And a couple of mellowing choices to end on. Sunday sees the Indian beats and pastoral acoustic guitar of Skins and Strings at The Beehive and on Wednesday you can catch classical meets Latin guitar maestros Gilmore ‘n’ Jaz at the Roaring Donkey.

Last week I was revelling in the fact that there were so many gigs taking place that there just wasn’t enough room to mention them all, this week however the news is not so good. Less than a year after it re-opened under new management, The 12 Bar has shut its doors and is up for sale. Yes, this has happened before but it is my understanding that it is not just the business that is for sale but the building as a whole with no stipulation that it has to remain a music venue. This is a sharp reminder that supporting live music and the venues that host it takes more than re-posting a few Facebook banners signalling your disapproval of Simon Cowell but requires you to actually go along to the gigs, pay money and help ensure the bands get paid and rebooked and the venues thrive. As the cliché says, use it or lose it. Maybe live music ends not with a bang but a whimper!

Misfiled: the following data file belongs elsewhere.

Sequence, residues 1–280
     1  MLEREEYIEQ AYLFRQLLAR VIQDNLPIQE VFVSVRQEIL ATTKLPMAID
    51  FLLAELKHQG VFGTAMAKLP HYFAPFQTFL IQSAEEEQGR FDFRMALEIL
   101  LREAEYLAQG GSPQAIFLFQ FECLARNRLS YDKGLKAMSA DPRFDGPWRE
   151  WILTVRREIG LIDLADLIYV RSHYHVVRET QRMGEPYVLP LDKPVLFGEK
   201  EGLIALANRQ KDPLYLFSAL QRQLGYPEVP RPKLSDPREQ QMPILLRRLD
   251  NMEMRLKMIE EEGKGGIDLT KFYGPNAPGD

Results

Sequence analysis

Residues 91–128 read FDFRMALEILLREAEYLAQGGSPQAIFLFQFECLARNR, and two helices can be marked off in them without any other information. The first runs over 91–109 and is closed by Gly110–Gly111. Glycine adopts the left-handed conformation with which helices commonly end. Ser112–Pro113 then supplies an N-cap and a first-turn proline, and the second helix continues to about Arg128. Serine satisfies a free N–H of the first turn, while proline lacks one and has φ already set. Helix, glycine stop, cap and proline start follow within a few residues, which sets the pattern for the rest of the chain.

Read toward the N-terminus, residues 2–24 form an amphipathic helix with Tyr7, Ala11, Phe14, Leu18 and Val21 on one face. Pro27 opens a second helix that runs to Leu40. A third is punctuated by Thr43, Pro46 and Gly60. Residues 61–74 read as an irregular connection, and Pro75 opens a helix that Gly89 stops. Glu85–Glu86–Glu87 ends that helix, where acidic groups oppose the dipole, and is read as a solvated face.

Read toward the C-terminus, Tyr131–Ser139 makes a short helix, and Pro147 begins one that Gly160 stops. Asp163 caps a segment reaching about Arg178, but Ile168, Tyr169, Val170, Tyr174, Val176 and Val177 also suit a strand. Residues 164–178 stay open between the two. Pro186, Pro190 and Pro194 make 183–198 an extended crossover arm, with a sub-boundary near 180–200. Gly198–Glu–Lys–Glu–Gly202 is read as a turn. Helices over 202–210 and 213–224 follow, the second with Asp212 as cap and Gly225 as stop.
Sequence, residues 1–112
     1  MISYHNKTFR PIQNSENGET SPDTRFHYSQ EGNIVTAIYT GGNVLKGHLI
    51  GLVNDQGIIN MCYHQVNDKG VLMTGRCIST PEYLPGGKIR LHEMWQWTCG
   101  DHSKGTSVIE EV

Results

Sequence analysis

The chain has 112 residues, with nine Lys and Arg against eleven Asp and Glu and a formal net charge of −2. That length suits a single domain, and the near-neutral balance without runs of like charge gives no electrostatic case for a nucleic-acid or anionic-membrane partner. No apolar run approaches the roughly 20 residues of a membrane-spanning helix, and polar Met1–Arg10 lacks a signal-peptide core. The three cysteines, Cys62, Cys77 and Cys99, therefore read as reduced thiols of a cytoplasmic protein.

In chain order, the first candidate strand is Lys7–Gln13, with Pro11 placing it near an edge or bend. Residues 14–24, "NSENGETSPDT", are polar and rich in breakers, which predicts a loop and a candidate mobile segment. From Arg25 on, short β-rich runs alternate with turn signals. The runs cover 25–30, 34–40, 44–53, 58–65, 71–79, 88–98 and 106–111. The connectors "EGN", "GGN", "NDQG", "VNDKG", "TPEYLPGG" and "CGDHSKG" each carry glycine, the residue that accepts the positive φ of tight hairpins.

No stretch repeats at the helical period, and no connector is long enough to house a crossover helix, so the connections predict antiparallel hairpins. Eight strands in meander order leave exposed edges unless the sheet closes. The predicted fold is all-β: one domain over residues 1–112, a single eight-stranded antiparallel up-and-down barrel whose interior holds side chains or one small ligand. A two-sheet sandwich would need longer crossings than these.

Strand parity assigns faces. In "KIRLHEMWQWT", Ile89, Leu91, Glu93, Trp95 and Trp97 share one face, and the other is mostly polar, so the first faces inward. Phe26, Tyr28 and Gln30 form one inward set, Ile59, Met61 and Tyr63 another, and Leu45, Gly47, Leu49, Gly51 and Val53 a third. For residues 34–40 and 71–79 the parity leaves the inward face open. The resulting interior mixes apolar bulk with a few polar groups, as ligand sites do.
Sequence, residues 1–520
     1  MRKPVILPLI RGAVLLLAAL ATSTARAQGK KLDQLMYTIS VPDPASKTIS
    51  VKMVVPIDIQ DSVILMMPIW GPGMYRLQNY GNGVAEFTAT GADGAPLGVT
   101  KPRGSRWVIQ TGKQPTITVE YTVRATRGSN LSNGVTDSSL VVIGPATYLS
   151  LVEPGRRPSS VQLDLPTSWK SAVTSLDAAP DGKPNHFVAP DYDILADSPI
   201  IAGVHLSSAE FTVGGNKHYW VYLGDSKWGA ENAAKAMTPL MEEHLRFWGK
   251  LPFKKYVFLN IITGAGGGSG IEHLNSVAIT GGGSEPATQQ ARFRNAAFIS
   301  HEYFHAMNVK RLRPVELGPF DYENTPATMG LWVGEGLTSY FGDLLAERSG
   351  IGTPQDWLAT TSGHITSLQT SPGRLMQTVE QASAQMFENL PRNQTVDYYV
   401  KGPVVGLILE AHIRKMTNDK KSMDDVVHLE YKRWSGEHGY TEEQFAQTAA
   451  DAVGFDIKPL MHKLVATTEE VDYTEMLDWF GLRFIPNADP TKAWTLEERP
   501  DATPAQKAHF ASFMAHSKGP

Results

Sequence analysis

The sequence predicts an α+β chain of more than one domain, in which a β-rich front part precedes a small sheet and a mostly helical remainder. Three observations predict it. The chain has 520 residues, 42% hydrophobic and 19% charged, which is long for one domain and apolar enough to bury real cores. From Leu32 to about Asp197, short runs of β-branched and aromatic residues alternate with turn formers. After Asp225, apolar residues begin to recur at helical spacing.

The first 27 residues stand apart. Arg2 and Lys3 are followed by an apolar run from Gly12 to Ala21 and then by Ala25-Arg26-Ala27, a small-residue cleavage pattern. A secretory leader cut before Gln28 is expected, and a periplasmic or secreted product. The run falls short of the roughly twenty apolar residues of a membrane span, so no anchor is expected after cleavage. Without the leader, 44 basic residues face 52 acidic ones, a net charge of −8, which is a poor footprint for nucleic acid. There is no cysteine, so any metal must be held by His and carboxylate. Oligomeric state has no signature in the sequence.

On a more positive note, there is still some good music to be had around the town, starting tonight at The Beehive. Hiproute take various strands of roots music, from funky blues, southern boogie, outlaw country and even a dash of Memphis soul and weave them together via mesmerising lap acoustic playing into one of the best party-stomp soundtracks you are ever going to need.

The Victoria is also playing the acoustic card, but to a very different end. Dan Brown, who normally fronts Pirate Radiohead, (when he is not writing novels about albino monk assassins) will be reworking the intricacies of Radiohead classic songs for a solo acoustic performance. Intriguing!